Rents continue upturn in February

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rent growth

The latest rent reports from Yardi Matrix and Apartment List show positive rent growth for the country as-a-whole in February.

Rents rise in February

Yardi Matrix reported that the national average apartment rent rose 0.2 percent in February to $1,399. This was down 0.1 percent from its year-earlier level. Apartment List reported that the national average rent rose 0.7 percent for the month of February but was down 0.8 percent from its year-earlier level.

February is usually the start of the rent growth season and that trend seems to be holding this year. In fact, Apartment List reported that the rate of rent growth this February for the country as-a-whole is nearly twice the average of the last three years. This is show in the first chart, below, reproduced from the Apartment List report.

rent growth
Source: Apartment List

The chart shows the February-to-February pattern of changes in the national average rent over the past 4 years. The negative impact of the COVID-19 pandemic on rents is clearly visible the March to August portion of the 2020-21 curve, where the rent growth season never materialized. So far, the 2021 rent growth season is off to a strong start, although it is still early days.

The names remain the same

The lists of metros with the highest and lowest changes in annual rents remained very similar to those of last month. In fact, the list of 10 metros with the greatest rent declines is unchanged except for the 10th spot. There, Houston edged out Orlando for the dubious honor of being included on the list.

The list of metros with the highest year over year rent growth had the order of the cities shuffled a bit but the only new name on the list was Kansas City, which bumped Charlotte from the list.

According to the Apartment List data, all of the top metros experienced positive rent growth for February. According to Yardi Matrix, only six of the top 30 metros saw rents decline for the month, They were Seattle, San Francisco, New York, San Jose, Washington DC and Boston.

The metros with the largest annual rent declines as ranked by Yardi Matrix are given in the table, below, along with the annual rent changes for the metros in the two reports.

Metro

Yardi Matrix

Apartment List

San Jose

-13.3

-15.4

New York

-13.3

-8.0

San Francisco

-9.9

-14.9

Seattle

-7.7

-11.6

Washington DC

-5.2

-6.8

Boston

-3.5

-10.1

Los Angeles

-2.8

-4.1

Chicago

-2.6

-5.5

Austin

-2.3

-3.1

Houston

-1.2

-2.3

 

The major metros with the largest year-over-year rent increases as determined by Yardi Matrix are listed in the next table, below, along with the rent increases given for the metros in the two reports.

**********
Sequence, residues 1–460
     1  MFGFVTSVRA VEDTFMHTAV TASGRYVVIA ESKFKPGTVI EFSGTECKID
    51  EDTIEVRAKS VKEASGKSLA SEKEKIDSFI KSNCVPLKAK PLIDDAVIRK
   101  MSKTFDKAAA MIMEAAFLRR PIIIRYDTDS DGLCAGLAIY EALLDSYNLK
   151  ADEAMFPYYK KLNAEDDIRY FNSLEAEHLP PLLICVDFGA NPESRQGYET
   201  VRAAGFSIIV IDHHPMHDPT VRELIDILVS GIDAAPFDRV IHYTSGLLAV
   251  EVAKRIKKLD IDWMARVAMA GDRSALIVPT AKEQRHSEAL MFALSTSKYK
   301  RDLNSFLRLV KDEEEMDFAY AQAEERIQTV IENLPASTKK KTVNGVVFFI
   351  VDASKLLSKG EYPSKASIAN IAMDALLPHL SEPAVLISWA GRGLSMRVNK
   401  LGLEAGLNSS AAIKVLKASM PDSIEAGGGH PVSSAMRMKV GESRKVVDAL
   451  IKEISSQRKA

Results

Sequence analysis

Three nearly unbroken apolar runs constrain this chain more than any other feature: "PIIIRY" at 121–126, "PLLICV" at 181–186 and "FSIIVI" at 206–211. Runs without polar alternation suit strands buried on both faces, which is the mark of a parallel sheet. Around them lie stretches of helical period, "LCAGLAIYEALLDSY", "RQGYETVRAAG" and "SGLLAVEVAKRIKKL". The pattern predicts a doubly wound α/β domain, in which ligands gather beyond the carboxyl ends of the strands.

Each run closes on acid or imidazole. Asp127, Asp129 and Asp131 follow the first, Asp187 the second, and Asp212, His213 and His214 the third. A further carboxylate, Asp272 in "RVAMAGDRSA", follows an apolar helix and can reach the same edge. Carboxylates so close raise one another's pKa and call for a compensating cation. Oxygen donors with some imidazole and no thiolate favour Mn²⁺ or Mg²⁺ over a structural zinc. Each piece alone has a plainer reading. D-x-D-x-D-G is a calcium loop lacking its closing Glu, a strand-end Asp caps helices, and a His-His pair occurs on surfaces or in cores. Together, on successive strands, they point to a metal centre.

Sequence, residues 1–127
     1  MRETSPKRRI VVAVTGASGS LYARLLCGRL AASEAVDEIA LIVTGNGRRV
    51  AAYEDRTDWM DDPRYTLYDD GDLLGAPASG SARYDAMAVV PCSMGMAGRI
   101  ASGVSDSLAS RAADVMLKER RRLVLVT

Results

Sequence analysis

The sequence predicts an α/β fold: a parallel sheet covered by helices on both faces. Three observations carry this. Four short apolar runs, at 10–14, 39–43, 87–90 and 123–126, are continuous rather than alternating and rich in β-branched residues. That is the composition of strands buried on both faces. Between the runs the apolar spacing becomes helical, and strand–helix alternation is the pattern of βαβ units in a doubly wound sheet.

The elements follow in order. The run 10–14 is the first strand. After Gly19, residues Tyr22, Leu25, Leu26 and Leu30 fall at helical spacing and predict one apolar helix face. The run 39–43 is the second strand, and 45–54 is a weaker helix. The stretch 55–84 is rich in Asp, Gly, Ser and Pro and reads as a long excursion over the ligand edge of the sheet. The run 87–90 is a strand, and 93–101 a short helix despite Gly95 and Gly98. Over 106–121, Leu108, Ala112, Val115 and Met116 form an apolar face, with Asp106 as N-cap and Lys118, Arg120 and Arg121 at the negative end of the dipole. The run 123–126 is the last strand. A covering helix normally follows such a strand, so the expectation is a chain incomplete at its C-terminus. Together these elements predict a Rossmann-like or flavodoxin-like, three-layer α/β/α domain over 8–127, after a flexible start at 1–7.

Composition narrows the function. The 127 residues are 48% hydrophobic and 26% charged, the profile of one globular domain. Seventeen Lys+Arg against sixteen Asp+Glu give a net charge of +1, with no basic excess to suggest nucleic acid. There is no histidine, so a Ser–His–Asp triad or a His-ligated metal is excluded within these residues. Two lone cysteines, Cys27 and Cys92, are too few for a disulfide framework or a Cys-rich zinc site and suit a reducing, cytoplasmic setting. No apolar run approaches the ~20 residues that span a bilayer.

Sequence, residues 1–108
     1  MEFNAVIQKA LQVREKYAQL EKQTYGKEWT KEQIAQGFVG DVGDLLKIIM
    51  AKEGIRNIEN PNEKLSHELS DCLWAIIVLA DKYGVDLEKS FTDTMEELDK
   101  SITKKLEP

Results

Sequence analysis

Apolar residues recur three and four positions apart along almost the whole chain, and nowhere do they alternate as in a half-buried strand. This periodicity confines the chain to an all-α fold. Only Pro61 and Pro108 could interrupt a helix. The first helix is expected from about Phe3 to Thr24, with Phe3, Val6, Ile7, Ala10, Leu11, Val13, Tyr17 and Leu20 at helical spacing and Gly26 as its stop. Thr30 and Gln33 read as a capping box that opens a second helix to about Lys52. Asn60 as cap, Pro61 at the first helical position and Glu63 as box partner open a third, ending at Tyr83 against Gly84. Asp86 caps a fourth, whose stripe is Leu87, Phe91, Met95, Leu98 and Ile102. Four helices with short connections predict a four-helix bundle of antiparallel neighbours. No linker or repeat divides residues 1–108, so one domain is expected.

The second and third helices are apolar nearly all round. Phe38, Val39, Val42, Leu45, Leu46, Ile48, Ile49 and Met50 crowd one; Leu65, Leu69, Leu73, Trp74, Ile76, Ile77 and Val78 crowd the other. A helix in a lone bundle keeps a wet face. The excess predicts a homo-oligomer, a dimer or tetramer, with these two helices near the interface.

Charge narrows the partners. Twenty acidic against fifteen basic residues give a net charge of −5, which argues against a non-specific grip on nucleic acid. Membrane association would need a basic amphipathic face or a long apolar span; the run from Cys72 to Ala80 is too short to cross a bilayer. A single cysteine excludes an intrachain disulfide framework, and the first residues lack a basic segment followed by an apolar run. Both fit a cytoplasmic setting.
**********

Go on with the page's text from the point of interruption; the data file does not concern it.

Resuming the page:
Metro

Yardi Matrix

Apartment List

Inland Empire

7.6

11.0*

Sacramento

6.4

7.1

Phoenix

6.0

5.5

Las Vegas

5.2

5.3

Atlanta

4.6

3.8

Tampa

3.9

4.7

Baltimore

3.6

2.8

Indianapolis

3.6

2.8

Philadelphia

2.9

0.2

Kansas City

2.3

1.0

*Riverside-San Bernardino-Ontario

Location matters

Both reports note that the pandemic has caused the formerly high-flying core urban markets to stumble while elevating secondary markets that had previously been backwaters.

The Apartment List report cited the comparison of San Francisco to Boise. Prior to the pandemic, San Francisco had been one of the most expensive rental markets in the country, but rents have recently been falling there. Since the pandemic, Boise has been one of the country’s leaders for rent growth. The result of these changes is that the ratio of San Francisco rents to Boise rents has fallen from 3.4x before the pandemic to 2.2x now. Still significantly different but a big narrowing.

The Yardi Matrix report discusses the impact of the work from home (WFH) trend resulting from the pandemic. The report estimates that the portion of workers regularly using WFH may rise from the pre-pandemic level of 10 percent to as much as 25 percent of the workforce. They predict that this trend may delay the recovery of the urban core areas and boost secondary markets. However, they believe that, post-pandemic, a new generation of college graduates will be drawn to the urban lifestyle, leading to the eventual recovery of the urban core.

The complete Yardi Matrix report discusses some of the smaller multifamily housing markets. It has more information about the larger markets including numbers on job growth and completions of new units. It also includes charts showing the history of rent changes in 18 of the top 30 markets over the last 4 years. It can be found here.

The complete Apartment List report covers many more metros and provides readers with the opportunity to download their data sets. It can be found here.